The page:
Friday, July 28, 2017
In the News: 48 HIlls
“Myself and other LGBT veterans put their asses on the line for this country and the Constitution,” the 43-year-old transgender Navy veteran said. “All I ask is for the same goddam rights that we protect your asses for. I did not put my life on the line to be shit on.”
The plaza was packed with people, shouting and chanting and cheering. The city’s response to Trump’s Twitter announcement that transgender people can’t serve in the military was instant, strong, and visible.
People at the rally were not all fans of the military. Rev. Megan Rohrer said that she’s a pacifist, but that people who want to serve – “when I can’t” – should have the same rights as anyone else. “Our love is bigger than his hate.”
But the message was clear: You can’t call people a “distraction.” As one speaker named Alex noted, “a distraction is what you call it when it’s not your problem.”
I watched a pair of retired military brass tonight on CNN, and the two (straight) white guys said there was no evidence anywhere that transgender soldiers and sailors are a threat to unit coherence or military readiness.
It doesn’t make any difference, Admiral John Kirby said.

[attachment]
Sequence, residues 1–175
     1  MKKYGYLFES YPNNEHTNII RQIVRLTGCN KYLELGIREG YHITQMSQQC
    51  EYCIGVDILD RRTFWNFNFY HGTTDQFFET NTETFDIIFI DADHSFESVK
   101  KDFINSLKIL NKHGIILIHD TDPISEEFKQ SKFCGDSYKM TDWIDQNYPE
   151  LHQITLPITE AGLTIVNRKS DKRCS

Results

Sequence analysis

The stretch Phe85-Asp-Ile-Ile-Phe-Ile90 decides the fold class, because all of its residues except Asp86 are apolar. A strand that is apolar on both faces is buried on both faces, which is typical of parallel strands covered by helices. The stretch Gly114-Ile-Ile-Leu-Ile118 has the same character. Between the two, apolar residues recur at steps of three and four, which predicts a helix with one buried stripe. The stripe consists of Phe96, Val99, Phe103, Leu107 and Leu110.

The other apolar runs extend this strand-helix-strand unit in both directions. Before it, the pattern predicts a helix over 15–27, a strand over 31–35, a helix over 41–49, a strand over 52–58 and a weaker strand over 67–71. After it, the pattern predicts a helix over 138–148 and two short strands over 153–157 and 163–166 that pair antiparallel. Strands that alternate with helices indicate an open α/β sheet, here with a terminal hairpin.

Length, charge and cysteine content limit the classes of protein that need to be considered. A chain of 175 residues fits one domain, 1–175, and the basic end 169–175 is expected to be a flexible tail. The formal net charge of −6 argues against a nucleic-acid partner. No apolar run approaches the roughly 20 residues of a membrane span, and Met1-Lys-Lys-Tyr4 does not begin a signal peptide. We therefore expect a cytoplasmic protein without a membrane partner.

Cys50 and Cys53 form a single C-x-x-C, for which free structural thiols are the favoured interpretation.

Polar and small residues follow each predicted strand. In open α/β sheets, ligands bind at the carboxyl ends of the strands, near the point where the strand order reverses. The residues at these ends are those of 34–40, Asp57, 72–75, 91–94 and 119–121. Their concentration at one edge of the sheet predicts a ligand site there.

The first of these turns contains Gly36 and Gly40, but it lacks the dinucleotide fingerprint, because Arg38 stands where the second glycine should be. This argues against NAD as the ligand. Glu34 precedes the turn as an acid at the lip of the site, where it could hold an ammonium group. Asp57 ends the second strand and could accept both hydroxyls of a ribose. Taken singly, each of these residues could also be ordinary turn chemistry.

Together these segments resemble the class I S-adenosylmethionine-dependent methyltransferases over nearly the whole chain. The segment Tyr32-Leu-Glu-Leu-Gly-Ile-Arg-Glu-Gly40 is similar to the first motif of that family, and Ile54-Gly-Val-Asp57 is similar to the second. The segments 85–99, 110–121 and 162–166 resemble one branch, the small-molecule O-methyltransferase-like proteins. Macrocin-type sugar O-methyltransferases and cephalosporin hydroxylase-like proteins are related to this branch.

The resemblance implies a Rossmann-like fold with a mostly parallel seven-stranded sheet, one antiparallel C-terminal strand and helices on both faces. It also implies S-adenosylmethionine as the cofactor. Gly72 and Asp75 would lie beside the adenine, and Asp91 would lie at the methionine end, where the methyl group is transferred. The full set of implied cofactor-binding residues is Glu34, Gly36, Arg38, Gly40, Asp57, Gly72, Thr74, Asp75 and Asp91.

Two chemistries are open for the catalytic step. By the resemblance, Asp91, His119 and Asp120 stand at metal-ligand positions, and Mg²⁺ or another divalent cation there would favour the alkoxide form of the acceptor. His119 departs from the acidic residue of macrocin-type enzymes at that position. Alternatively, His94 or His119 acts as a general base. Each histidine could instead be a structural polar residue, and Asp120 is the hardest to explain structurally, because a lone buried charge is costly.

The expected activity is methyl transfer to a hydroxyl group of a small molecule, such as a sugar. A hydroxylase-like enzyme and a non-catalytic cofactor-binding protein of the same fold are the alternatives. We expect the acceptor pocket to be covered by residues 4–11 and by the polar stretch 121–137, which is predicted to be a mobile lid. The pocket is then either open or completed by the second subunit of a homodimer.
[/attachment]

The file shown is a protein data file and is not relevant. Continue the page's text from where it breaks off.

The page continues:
That’s the message I heard over and over today: “In close quarters, your lives depend on each other,” Horton told me. “Nobody cares. The only thing you care about is if someone can do the job.”
Horton, a transgender man, served in the Navy from 1992 to 1996, mostly as an aviation technician in San Diego. That was in the Don’t Ask Don’t Tell era, and Horton said he served with a lot of LGBT people.
There was still a climate of fear, he noted, but most sailors knew that some of their colleagues were gay, and it made absolutely no difference to military effectiveness.
Horton went into the Navy in part because the military offered a chance to get an education. After four years, Horton used the GI bill to go to college.
But “I swore an oath to defend the Constitution,” Horton said. And that Constitution protects the right of everyone.
I ran into Theresa Sparks as the rally was turning into a march down Market St. Sparks, who served in the Navy during the Vietnam War, and has been a transgender community activist for many years, told me that the Trump policy is going to terrify a lot of existing service members.
There are, by most estimates, at least 5,000 current active-duty service people who are transgender. “These are people who are dependent on the military for their paycheck, their housing, and their health care,” Sparks said.
Sparks said that the Veterans Administration paid for the hormones she took when she came to San Francisco and began her transition. What happens to the health care of all of those soldiers and sailors if they are suddenly kicked out of the military?